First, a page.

New Era At Toy Fair
was “cyber-optic” city for sporting goods at Toy Fair 2002. It
seemed like the unofficial theme of this year’s sporting goods,
displayed at Javits Jacobs Center recently, were bats that talk,
flying discs with sirens, footballs that look more like UFO’s
with flashing lights and the countless number of glow–in–the–dark
balls. While all these toys are fun to look at, and certainly
add a new dimension to playing, simple may still be better. A
sporting goods star of Toy Fair was a larger adapted remake of
the 1960’s classic “frisbee,” called Beamo. This 30-inch diameter,
flying hoop shaped like a beautiful flat donut – is made of spandex
and offers an open invitation for everyone to jump right in.
glides through the air,” says Victoria Akins, an 11–year–old from
New York City. “It’s spectacular. The visual effects are so pretty.”
What’s truly wonderful about the Beamo is its rare combination
of size (approximately 6 times larger than a regular frisbee)
and softness. Because of this unique blend, it’s ideal for younger
children and children with disabilities. Beamo is especially good
for kids who are visually impaired, allowing for a high success
A great start-up product for beginning grippers, catchers and
throwers, is the “Oball”. The challenging part for most beginning
catchers is gripping the ball. Because it is hollow, the tips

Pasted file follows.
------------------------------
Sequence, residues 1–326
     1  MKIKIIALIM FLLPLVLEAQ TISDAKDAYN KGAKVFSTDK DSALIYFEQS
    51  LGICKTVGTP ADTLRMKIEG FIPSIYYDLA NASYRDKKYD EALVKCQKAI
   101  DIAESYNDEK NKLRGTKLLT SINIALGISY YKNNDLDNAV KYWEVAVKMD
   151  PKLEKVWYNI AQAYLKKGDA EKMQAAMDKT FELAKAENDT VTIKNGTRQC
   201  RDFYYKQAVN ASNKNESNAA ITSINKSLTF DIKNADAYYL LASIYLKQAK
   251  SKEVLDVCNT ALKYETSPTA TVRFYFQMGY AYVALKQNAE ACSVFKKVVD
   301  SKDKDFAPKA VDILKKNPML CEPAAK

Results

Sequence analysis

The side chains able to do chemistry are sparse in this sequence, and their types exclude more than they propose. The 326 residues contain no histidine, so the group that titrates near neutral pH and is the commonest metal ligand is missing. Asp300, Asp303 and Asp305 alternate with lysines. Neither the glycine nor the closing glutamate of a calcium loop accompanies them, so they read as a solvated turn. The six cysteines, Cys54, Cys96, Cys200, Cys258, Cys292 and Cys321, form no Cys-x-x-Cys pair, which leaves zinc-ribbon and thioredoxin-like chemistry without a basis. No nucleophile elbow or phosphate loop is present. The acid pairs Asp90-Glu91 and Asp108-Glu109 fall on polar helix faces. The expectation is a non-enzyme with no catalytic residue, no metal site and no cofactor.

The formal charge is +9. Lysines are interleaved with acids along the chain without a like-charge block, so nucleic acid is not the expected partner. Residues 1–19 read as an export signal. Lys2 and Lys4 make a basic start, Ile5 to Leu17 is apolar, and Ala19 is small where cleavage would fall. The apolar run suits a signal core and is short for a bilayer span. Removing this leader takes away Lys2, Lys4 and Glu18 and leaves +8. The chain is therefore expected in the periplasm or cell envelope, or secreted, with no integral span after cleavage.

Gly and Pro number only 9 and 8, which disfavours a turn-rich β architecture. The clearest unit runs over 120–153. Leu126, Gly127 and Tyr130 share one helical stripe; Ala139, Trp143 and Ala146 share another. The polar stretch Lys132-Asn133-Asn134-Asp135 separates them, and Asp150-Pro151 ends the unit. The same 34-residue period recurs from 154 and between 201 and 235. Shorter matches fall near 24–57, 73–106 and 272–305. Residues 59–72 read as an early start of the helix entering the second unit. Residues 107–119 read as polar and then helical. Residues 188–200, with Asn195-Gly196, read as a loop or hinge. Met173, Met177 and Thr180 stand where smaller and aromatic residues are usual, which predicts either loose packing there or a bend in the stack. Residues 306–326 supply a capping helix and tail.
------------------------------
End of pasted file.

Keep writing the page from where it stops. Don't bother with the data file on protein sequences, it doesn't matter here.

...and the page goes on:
of youngsters fingers can fit neatly into the interior of the
Oball, thus turning the initially potential painful throwing experiences
into a pleasurable skill.
Who wouldn’t be in the market for fancy feeling colorful balls
in a variety of different types- football, volleyball, and junior
size balls. Two standout companies that produce great balls are
CoopSport and Saturniani. Coop’s products are waterproof and made
of the same material as wetsuits. Saturniani ball’s, while just
as colorful, have a raised rubber feel that allows you to make
the great grab seem easy while at the same time providing the
grip necessary to throw a steady pass.
As usual, “Americas Favorite Pastime,” was highly represented
at Toy Fair. Baseball bats were in abundance. Franklin made a
statement this year with a line of bats for beginning hitters.
With the “Oversized Foam Bat,” and the “Areo-Strike Bat” and ball
set–a clear bat that actually stores 3 balls inside of its barrel
– there should be big time “hits” this season. Another bat that
has a wood-like appearance, but is actually plastic, and has a
real good swing to it is from Classic Sports. It features the
Diamond Zone plastic baseball. A different recommended product
is the Yomega Quick ball – a smaller sized durable plastic ball
really jumps off Yomega’s hard plastic bat.
Smaller sized items that can make a large impact on family fun
include the adorable line of spider products from Monkey Business
Sports. The balls are cleverly disguised as spiders complete with
a spider face and rubber legs. One more neat little product is
the neon colored Aeromax 2000 toy parachute. The parachute is
simple to toss, fun to watch and even better to catch. Bunjeez
Ballmerang’s stayed in line and came up with their own version
of the beeping electronic ball that glowed in the dark and made
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